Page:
So, how can you have a dynamic sex life? By developing the same qualities that contribute to a strong relationship: unconditional love, total and permanent commitment and clear, meaningful communication. These qualities combine to help produce a maximum oneness and bring the greatest pleasure.
To this point I have been saying that sex is designed to work best within a happy marriage. “But,” you ask, “what about premarital sex?” This is, of course, a very controversial topic. While wanting to convey respect for those who differ, I would recommend that couples wait until marriage before having sexual relations. Why? Consider three reasons.
First, there is a practical reason for waiting. Premarital sex can detract from a strong relationship and a dynamic sex life. All too often, premarital sex ends up a self-seeking, self-gratifying experience. After intercourse, one partner might be saying “I love you” while the other is thinking “I love it.” Very often premarital sex occurs in the absence of total and permanent commitment.
This can bring insecurity into the relationship. Both short–and long–range problems can result, especially with the breakdown in trust. For instance, while the couple is unmarried, there can always be the nagging thought, “If s/he’s done it with me, whom else have they slept with?” After they marry, one might think, “If that person was willing to break a standard with me before we married, how do I know they won’t now that we are married?” Doubt and suspicion can chip away at their relationship. Poor communication, poor sex.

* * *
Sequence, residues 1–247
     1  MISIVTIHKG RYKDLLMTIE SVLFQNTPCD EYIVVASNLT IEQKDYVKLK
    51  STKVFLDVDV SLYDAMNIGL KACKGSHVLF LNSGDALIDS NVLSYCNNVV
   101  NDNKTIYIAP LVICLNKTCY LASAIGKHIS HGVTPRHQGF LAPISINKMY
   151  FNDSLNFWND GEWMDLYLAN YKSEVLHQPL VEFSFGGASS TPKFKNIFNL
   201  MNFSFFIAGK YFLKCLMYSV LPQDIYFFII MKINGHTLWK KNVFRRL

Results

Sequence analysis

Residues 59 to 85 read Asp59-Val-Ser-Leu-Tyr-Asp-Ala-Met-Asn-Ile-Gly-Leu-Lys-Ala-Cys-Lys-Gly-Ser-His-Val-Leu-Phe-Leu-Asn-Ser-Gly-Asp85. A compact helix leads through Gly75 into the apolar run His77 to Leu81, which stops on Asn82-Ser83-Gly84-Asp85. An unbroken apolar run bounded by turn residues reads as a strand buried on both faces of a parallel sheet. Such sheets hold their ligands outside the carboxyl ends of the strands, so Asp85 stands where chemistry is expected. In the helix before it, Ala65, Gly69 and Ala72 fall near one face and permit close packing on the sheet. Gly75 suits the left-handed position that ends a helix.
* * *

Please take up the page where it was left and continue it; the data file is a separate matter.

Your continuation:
Premarital sex can also inhibit communication. Each might wonder, “How do I compare with my lover’s other partners? Does s/he tell them how I perform in bed?” Or perhaps they think, “Should I be totally honest and vulnerable and share my heart with this person when I don’t know if they’ll be around tomorrow? Can I entrust all of me to them if I don’t have all of them for me? There will be part of me emotionally that I’ll hold back.” Each becomes less open; communication dwindles. And poor communication makes for poor sex. Bad feelings result, communication deteriorates and so does the relationship. In short, premarital sex can put people at a disadvantage because it can lessen their chances to experience maximum oneness and pleasure.
One young woman at Arizona State University expressed it like this: “I understand what you’re saying about unity or oneness. I’ve had several premarital sexual experiences with different men. After each one, I’ve felt like I’ve left a part of myself with that person emotionally. What you’re saying is that it makes sense for a person to save herself so she can give herself completely to her spouse.”